Clubbing in Covid 19
By Cole Petersen, Staff Writer
With Toronto’s renowned nightlife, clubbing is one of its most popular pastimes. It draws many different people with dancing, live music and a sociable environment. It also attracts local students to participate and join in the festivities. However, with the onset of the pandemic, clubs have become high-risk areas, due to concerns of widespread Covid-19 transmission.
Since the disco craze of the 1960s, clubs remain a mainstay of Toronto nightlife. According to Not Zoned for Dancing, a collaborative paper between the University of Toronto and the City of Toronto, there were 485 clubs, lounge and bar-style locations within the City of Toronto in 2013. These nightclubs are places for people to dance, relax and enjoy themselves. The Trinity Times interviewed several students involved in Toronto’s nightlife about their experiences, both prior to and since the pandemic.
To start out, when asked what they sought out within a club environment, one student, Avinash Dindial, prioritised simply, “A really good atmosphere,” going on to specify, “Some like good music and like good people.” Echoing this sentiment, “Lenny” Weber said that his friends and the music selection were what interested him, with techno, hip-hop and R&B being his preferred options for the latter.
Of course, at the beginning of the COVID-19 pandemic, Toronto’s clubs (like many similar entertainment venues) experienced closures as a result of public health guidelines. Clubs closed their doors to party-goers on March 17, 2020, when Ontario’s Premier Doug Ford declared a state of emergency in the province. The high proximity environment was seen as a potential breeding ground for COVID-19 infections. Speaking to CNBC on the topic in America, Lawrence Young, a virologist and professor of molecular oncology, would state, “It’s clear that opening up [nightclubs] in the way that they did, particularly with the night-time economy, has been a real driver to massive levels of infection.” According to public health guidelines, Toronto’s clubs remained closed until June 30, 2021, when more than seventy percent of Ontario adults had received their vaccinations, and the province entered stage two of its reopening plan as a result. This high rate of vaccination, combined with the introduction of vaccine passports, allowed for the safe reopening of restaurants and bars, while allegedly maintaining public health and safety.
This arrangement has, however, brought some changes. Speaking of the pre-Covid experience, Gabriel Naidoo, a St. Michaels student, told the Trinity Times, “There were a lot of people in the club. It was packed; it was a good atmosphere.” In contrast, Avinnash highlighted that following the reopening after shutdowns, the club experience changed due to the implementation of new restrictions, saying, “[The club staff] have us all show them our vaccination cards at the door.” Gabriel seconded this narrative, stating that the biggest change he had found was, “the wait — it just took a bit longer with all of the admin, checking everyone’s vaccine passport and masks,” as well as plenty of empty space due to reduced capacity. However, both Garbiel and Avinnash expressed a feeling that despite the additional protections, club policies did not provide adequate protection from transmission. They described their chief concern as the bizarre and apparently arbitrary enforcement of these rules, “The thing is everybody came together like dancing together in the middle and then there were just like people sitting on the outside kind of thing in the empty space that was left by the people outside”. In addition, they said that, alongside this, people were only required to wear masks off the dance floor, thereby creating an odd scenario in which patrons were not required to wear masks in the area with the greatest concentration of people — a particularly illogical public health policy.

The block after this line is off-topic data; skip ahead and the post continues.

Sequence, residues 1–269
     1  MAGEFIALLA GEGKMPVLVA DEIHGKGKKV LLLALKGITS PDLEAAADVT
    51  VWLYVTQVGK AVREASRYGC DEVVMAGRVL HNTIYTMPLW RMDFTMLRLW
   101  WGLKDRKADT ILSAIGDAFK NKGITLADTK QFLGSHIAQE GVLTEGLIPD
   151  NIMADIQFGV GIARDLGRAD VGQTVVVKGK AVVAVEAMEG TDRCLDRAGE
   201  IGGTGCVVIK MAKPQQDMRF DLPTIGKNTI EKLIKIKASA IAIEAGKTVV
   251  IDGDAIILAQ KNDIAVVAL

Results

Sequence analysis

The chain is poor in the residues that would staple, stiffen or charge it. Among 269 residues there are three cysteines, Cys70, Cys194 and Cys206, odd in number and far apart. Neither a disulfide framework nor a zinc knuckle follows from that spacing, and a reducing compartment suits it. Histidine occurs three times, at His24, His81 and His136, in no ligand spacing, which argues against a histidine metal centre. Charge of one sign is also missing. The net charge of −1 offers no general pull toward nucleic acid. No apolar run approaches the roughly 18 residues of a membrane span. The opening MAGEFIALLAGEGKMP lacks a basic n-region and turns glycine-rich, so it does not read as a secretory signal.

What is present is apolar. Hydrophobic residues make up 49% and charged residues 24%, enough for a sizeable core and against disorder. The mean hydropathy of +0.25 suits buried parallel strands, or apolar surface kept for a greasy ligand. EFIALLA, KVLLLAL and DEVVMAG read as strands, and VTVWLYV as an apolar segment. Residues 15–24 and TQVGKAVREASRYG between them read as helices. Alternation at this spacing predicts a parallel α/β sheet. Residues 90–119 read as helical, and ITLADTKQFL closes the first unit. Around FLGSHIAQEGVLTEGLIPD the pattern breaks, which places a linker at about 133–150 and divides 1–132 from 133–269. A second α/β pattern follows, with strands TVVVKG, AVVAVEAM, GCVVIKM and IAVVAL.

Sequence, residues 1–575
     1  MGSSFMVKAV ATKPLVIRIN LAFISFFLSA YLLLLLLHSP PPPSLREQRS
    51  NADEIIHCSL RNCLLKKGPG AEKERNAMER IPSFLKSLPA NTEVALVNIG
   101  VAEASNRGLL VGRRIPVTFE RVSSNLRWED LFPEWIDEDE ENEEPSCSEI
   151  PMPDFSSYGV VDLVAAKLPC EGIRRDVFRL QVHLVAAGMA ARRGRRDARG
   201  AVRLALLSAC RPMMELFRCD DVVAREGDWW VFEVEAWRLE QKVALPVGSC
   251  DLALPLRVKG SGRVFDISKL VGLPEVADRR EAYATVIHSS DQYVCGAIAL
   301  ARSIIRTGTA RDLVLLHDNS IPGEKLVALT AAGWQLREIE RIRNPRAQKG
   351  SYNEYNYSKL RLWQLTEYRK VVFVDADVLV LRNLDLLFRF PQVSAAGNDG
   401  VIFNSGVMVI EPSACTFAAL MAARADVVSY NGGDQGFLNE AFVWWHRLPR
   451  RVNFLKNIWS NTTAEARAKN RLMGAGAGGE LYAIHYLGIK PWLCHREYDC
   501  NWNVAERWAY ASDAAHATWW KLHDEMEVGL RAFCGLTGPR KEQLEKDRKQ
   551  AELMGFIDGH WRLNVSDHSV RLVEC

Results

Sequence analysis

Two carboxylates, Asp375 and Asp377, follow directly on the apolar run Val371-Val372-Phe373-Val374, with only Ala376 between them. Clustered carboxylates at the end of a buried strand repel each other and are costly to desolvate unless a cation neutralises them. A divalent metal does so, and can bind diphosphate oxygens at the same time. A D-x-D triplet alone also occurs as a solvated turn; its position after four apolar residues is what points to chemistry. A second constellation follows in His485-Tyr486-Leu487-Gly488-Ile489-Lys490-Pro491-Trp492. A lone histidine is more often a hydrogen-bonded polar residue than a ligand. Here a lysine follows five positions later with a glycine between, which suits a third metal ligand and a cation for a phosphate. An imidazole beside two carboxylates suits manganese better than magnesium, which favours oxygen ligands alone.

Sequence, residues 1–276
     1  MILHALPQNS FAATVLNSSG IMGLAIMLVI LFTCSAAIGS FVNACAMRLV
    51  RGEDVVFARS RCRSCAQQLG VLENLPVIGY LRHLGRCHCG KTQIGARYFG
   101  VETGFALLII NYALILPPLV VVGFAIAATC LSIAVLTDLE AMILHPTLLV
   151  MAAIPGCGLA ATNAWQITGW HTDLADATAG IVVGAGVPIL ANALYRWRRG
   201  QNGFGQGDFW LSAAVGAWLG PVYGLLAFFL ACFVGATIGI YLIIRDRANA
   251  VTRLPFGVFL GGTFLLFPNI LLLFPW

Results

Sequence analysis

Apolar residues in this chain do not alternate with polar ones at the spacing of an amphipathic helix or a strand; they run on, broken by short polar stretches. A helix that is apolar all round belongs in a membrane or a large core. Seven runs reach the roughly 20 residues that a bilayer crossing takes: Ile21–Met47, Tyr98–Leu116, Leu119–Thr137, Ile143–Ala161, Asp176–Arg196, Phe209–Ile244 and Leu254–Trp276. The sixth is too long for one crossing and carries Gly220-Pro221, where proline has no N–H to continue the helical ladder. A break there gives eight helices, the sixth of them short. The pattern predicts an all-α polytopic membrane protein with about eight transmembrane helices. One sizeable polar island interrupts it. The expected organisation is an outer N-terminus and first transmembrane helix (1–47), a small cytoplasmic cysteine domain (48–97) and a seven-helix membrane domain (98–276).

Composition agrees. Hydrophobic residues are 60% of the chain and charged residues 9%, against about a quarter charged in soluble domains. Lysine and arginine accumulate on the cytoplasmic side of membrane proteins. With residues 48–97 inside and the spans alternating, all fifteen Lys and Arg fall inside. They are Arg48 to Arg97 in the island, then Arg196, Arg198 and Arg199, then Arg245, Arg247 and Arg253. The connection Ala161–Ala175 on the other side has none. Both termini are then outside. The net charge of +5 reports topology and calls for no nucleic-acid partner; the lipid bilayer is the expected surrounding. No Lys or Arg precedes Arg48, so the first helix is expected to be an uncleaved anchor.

A similar account of lackadaisical Covid-19 safety standards in clubs was given by Lenny Weber, “So far I’ve only been clubbing once [in Toronto] and to my surprise, there was no proof of vaccination required.” He also mentioned that he felt that health restrictions were not being taken seriously enough in the city. When comparing current policies to pre-COVID-19 club operations, he said “[…] I don’t see much of a difference.” This was a far cry from his experience in Germany, where he said he experienced both vaccine passport checks as well as a modified club environment. Lenny described his experiences in Germany, “The first step that Munich took when opening clubs was opening these outside patios or terraces. So that kind of thing, I’d say that made me feel a bit more comfortable because I knew, you know, it was an open space, so we weren’t confined in this closed area. So it made me enjoy the experience a bit more.” Reports like these are frightening, especially when considering the large rates of infections coming out of various festivals in the Netherlands, during one of which more than a thousand people were infected, according to a report by CNBC. One can only hope that the current policies will somehow be sufficient, along with Ontario’s relatively high rate of adult vaccinations, to keep young people safe, in the changing entertainment environment. Meanwhile, it remains a matter of personal choice to trust the rules in place to keep you safe — or not and stick to more sedentary entertainment options.